Contributor: Ben Mason, an Employment Law Partner – Aaron & Partners |
Ben Mason, an Employment Law Partner – Aaron & Partners
Employers must carefully consider flexible working requests made by employees with the demand for new working arrangements increasing due to the coronavirus pandemic.
The coronavirus crisis has seen many employees seeking a better work life balance, which will likely see a permanent shift in workplace dynamics with flexible working arrangements becoming more widely adopted.
There is no obligation for employers to grant flexible working requests, due to the circumstances many find themselves in as a result of the pandemic, appeals should be carefully considered and dealt with as soon as is possible and within no more than three months from the application.
The long-term impact of the coronavirus pandemic will be significant on workplaces and from what we’ve seen already, a mixture of working from home and the office will become the norm for the majority of people.
With many teams working fully remotely during the last few months, the transition back to the workplace is likely to be drawn-out and complicated – especially if there are further spikes of the virus.
When dealing with a flexible working request, employers must first consider an employee’s eligibility. The statutory right to request flexible working only applies to employees who have at least 26 weeks’ continuous employment at the date of the request. However, employers may wish to consider the potential business benefits in allowing all staff to make a request.
ACAS recommend that employers should provide all employees with guidance on making a flexible application as many staff members only consider their own circumstances when making such a request, whereas employers will consider the impact to the business. If the employee is made aware of this further consideration at the beginning of the process, they will be better placed to deal with any issues that may present themselves.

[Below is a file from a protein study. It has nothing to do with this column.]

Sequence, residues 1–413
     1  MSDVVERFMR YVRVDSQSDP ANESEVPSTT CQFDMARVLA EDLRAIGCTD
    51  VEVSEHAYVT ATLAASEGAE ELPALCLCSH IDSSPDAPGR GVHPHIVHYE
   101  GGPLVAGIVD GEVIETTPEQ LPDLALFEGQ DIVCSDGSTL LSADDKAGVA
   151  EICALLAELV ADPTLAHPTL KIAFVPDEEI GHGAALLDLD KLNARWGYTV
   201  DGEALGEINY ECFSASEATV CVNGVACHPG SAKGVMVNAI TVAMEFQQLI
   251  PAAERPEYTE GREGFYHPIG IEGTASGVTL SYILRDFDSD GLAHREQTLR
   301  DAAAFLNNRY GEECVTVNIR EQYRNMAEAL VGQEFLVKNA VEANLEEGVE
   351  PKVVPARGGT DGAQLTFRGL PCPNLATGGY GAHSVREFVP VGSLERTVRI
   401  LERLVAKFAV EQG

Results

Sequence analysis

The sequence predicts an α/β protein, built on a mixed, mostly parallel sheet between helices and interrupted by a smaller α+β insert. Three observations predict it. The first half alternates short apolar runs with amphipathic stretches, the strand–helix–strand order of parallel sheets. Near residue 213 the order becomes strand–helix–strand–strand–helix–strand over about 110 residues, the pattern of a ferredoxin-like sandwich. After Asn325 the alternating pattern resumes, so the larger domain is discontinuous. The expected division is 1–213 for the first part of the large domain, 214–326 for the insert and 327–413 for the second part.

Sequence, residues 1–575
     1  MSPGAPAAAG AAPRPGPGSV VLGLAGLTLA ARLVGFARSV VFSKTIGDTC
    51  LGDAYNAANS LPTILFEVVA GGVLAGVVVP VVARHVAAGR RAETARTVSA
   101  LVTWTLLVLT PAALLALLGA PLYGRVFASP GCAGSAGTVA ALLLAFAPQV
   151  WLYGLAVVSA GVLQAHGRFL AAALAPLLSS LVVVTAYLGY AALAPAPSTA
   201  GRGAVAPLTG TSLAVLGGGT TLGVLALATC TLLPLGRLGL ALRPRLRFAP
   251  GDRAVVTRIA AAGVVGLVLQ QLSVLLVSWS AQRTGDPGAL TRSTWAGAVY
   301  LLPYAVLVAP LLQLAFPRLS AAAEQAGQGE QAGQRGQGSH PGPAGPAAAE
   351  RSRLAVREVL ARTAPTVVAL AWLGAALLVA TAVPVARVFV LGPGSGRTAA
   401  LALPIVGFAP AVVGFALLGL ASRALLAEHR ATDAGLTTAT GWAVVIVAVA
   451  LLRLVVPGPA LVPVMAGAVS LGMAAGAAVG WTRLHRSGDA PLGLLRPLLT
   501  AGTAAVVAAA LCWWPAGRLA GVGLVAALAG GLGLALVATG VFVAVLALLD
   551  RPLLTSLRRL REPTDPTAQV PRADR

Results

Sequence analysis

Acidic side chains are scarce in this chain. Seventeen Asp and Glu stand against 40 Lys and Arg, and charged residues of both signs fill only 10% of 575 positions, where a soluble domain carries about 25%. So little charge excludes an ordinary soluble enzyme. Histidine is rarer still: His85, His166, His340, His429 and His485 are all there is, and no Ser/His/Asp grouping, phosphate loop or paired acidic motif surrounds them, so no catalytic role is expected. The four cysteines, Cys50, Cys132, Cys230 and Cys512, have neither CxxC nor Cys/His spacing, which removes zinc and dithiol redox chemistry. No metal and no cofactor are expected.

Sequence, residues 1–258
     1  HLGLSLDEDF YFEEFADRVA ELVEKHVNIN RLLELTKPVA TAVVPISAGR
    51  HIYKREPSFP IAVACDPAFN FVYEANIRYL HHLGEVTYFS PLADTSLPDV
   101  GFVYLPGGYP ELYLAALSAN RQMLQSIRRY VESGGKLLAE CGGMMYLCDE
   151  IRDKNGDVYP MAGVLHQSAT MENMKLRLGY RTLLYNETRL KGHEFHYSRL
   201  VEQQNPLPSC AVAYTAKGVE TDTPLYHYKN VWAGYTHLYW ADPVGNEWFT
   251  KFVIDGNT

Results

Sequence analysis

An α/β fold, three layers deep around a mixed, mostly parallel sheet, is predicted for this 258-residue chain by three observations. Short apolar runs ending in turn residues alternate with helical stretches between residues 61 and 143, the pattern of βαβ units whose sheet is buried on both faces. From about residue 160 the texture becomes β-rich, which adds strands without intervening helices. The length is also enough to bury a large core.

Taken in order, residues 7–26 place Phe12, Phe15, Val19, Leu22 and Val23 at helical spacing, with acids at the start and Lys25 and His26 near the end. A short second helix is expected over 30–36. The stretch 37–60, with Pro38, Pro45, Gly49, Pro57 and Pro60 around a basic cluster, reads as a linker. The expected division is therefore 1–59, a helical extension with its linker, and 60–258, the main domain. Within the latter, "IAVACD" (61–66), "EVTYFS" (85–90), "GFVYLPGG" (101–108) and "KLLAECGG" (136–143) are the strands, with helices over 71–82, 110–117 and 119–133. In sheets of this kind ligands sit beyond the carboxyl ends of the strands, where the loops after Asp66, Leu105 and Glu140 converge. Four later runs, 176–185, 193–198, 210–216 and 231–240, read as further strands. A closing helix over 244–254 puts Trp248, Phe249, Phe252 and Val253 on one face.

Whilst employers are not obliged to grant a request, they may only refuse on the grounds of a business reason as set out in the legislation. Appeals should always be considered carefully to show that full consideration has been given to the application.
To offer some help and guidance during this period, we’ve outlined some simple tips to help manage flexible working requests.
1.Create a workplace policy
Having a flexible working policy in place will assist employees and ensure consistency in dealing with requests. Creating a separate application document setting out the process and any considerations employees will need to deal with in their application is also useful and will make the process much simpler.
2.Consider potential discriminatory issues
Whilst it is relatively easy for employers to follow the regulatory process and turn down an application, it is still important to consider any potential issues this may cause. Employees may still be able to bring discrimination claims against employers if they believe their request was not dealt with fairly.
3.Implement a trial period
As an employer you should consider allowing employees to trial flexible working for a period of time. This allows you to show all reasonable steps have been taken by the business to accommodate the request.